Children with reading difficulties should be more thoroughly screened for hearing problems
Children with reading difficulties should be more thoroughly screened for hearing problems, a new report by Coventry University academics has said.
The study, funded by the Nuffield Foundation, found 25% of its young participants who had reading difficulties showed mild or moderate hearing impairment, of which their parents and teachers were unaware.
Researchers at the University of California San Diego School of Medicine, Veterans Affairs San Diego Healthcare System (VASDHS) and other collaborators report improved neural function in participants with mild traumatic brain injury when low intensity transcranial stimulation was used.
Lessons from the longest running study on human development
For the past 70 years, scientists in Britain have been studying thousands of children through their lives to find out why some end up happy and healthy while others struggle. It’s the longest-running study of human development in the world, and it’s produced some of the best-studied people on the planet while changing the way we live, learn and parent. Reviewing this remarkable research, science journalist Helen Pearson shares some important findings and simple truths about life and good parenting.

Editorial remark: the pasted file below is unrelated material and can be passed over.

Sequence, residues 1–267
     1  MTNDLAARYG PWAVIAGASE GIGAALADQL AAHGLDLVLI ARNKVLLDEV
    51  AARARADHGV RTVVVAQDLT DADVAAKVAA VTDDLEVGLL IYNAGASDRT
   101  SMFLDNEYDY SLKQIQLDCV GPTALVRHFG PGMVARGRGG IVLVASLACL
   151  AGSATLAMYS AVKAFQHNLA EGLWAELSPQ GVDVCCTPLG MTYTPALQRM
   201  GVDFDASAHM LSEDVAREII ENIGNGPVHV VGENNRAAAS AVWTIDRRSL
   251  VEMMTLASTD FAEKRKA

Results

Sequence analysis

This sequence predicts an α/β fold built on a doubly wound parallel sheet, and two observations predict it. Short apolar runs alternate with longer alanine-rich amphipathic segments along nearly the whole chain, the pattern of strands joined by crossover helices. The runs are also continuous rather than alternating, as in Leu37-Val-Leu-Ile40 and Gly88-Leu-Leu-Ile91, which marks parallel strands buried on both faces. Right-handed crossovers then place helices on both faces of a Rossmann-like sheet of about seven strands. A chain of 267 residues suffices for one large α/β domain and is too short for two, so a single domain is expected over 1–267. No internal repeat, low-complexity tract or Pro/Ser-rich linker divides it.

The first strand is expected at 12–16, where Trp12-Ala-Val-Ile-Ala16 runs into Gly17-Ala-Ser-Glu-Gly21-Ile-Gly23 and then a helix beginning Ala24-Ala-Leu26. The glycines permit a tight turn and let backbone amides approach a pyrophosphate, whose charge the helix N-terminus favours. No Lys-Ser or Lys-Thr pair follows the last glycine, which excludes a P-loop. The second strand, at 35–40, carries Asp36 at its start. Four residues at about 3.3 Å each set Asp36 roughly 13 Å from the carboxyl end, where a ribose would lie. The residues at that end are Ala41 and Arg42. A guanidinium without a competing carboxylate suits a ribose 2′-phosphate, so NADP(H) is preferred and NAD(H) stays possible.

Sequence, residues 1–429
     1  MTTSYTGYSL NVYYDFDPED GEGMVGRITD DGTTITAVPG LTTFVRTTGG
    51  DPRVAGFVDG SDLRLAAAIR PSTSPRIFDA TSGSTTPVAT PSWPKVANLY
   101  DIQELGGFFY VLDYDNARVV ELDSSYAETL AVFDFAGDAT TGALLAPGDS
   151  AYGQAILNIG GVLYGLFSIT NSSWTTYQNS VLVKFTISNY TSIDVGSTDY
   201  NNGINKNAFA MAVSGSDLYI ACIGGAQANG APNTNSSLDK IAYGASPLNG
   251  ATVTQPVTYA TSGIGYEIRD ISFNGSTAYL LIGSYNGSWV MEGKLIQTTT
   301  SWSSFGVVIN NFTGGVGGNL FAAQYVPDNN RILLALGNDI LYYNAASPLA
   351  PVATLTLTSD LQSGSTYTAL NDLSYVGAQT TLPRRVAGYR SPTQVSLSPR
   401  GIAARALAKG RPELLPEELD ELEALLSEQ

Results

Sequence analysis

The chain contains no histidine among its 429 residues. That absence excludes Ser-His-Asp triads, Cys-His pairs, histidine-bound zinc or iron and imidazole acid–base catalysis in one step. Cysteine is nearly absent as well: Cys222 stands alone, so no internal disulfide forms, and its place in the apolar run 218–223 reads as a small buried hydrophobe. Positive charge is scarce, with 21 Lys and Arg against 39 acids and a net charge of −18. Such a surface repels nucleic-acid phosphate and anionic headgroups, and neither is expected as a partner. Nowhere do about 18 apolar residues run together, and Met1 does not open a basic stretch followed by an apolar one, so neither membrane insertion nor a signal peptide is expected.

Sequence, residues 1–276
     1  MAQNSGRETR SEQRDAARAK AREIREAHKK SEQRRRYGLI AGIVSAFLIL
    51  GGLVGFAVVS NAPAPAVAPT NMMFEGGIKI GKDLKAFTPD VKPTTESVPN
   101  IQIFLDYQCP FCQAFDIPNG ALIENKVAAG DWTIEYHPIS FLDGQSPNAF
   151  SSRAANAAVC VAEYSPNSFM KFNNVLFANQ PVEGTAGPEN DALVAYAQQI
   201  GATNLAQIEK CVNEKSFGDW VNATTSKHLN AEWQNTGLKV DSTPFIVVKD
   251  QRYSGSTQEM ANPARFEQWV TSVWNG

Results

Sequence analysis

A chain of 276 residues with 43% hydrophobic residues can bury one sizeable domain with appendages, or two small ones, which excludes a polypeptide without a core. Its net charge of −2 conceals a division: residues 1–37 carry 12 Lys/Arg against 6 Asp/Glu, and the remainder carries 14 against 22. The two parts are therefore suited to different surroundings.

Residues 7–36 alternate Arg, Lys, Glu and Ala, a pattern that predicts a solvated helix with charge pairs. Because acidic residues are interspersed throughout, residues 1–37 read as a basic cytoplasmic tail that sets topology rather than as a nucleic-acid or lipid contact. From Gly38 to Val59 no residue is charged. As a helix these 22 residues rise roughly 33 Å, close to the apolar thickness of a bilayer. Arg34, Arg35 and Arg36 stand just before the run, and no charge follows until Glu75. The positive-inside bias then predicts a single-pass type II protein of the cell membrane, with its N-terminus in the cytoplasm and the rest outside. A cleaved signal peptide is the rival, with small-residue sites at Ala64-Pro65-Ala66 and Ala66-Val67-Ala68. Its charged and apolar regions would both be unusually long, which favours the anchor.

For the past 40 years, Carla Shatz, PhD, and her associates have been researching how the brain wires itself during important developmental periods. Their findings have tremendously advanced the field of neuroscience.
Kids procrastinate or shut down because they fail to see the relevance of a task, prefer other distractions, or struggle with comprehension, organization or motivation. And nagging isn’t going to work.
“Homework is about control,” says Rick Wormeli, an education consultant and author of “Fair Isn’t Always Equal.”
With a little creativity, though, parents can help kids overcome those barriers to productivity. Here are 10 ways to encourage kids to approach homework with more confidence and less conflict.